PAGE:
MFFCD.jpg (22122 bytes)

Home Page
Welcome Page
Table of Contents
Benchmark Matrix
Pre-test Information
Tree Basics Section
Environment Section
Recreation Section
Products Section
Balance Section
Internet Links
References
Credits

 Index

 

MICHIGAN FORESTS FOREVER TEACHERS GUIDE

 


MICHIGAN FORESTS
DURING PRE-SETTLEMENT TIMES
Forest Timeline
Ice Age
Pre-Settlement
Logging Era
Conservation
Modern Forestry

Pre-settlement time runs from the end of the glaciers, about 10,000 years ago, to the time when Europeans and Americans started to settle in what is now Michigan.  During this time, there were many American Indians living along the shores of the Great Lakes and the major rivers.  Ojibwe (Chippewas), Menominees, Ottawas, Potawatomis, Miamis, and Hurons were important peoples living in Michigan.  And before them, there were the Woodland Cultures. These people came to Michigan for many reasons, including copper mining.  Archeologists don't know a lot about them, but the Woodland Cultures left enough evidence to let us know they were here!  IndianTribes.jpg (32532 bytes)

Since the glaciers retreated from Michigan, there have been many kinds of forest and other vegetation types, including prairies.  The climate changed several times during this period, sometimes much drier and sometimes wetter.  The kinds of tree species and other forest species have changed, too.  When the European and American pioneers began to settle Michigan in greater numbers, much of  the forest was "ripe" enough to be very important to the growing towns and cities.

Michigan forests around the 1600s to the middle 1800s were similar to what they are today.  However, there were some important differences.  Most of Michigan was covered in forest back then.  Today, a little over half of Michigan is forested.  Agriculture and cities are the main reasons why our forest area has shrunk.  However, over the last couple decades, the area of Michigan forest has begun to increase. 

Many of the trees were larger and there used to be more pine, tamarack, hemlock, and some other tree species.  And, there were fewer aspens, red maple, and paper birch than there are today.  The famous stands of white pine were critical in the settling of these territories.  A good example of one of these "pine groves" can still be seen at Hartwick Pines State Forest near Grayling, although it is getting old.  Not all the forest was covered with huge pines, however.  Most of the forest was probably similar to what we see today.  Fire and wind kept much of the forest in a young condition.  Forest scientists are discovering just how important these disturbances were to the forest condition and ecology.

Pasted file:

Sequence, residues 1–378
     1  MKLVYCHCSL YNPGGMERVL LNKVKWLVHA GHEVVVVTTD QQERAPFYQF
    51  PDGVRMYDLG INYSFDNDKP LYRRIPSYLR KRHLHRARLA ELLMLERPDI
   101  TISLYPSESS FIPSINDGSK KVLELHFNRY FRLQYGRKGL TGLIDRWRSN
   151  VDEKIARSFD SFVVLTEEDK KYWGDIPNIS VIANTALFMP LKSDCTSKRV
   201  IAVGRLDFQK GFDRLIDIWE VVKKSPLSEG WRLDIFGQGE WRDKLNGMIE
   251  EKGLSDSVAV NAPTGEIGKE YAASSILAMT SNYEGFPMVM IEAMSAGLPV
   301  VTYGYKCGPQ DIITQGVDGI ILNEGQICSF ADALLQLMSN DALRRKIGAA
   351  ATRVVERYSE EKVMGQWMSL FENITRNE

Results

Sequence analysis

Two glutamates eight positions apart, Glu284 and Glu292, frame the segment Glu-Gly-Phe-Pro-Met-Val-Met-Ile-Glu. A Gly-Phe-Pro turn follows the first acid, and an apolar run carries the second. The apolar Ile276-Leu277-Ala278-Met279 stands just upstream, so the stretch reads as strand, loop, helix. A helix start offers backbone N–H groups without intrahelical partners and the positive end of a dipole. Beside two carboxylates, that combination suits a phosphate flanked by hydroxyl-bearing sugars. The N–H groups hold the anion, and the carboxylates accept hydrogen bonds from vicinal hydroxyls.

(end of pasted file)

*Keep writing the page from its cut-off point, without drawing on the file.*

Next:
Before settlement began in a big way, Europeans and Americans (from the first states) travelled along the shores of Michigan for many years.  The first explorers were men such as Etienne Brule, Father Jacques Marquette, Louis Joliet, Robert LaSalle, and Antoine Cadillac.  They came in the 1600s but were not much interested in the forests.  Many French Voyageurs passed through the region looking to send furs back to Europe.  The first towns in Michigan were Sault Sainte Marie and Saint Ignace, started in 1668 and 1671.  But most of the towns didn't get going until the 1800s.  People didn't become interested in trees and lumber until the 1800s.  Michigan was part of the Northwest Territories, organized in 1805.  In 1837, Michigan became a State.  By then, new cities were beginning to grow along the Great Lakes.  It was time to log the forests.

 

Return to TOP of Page


MSUElogo.tif (16254 bytes) This website was developed and created by Michigan State University Extension for the teachers of the State of Michigan.  The website is maintained by the Delta-Schoolcraft Independent School District in support of the Michigan Forests Forever CD-ROM from the Michigan Forest Resource Alliance.

Page Name:  TreeBasics/History/PreSett.htm
Please provide comments to Bill Cook:  cookwi@msu.edu or 786-1575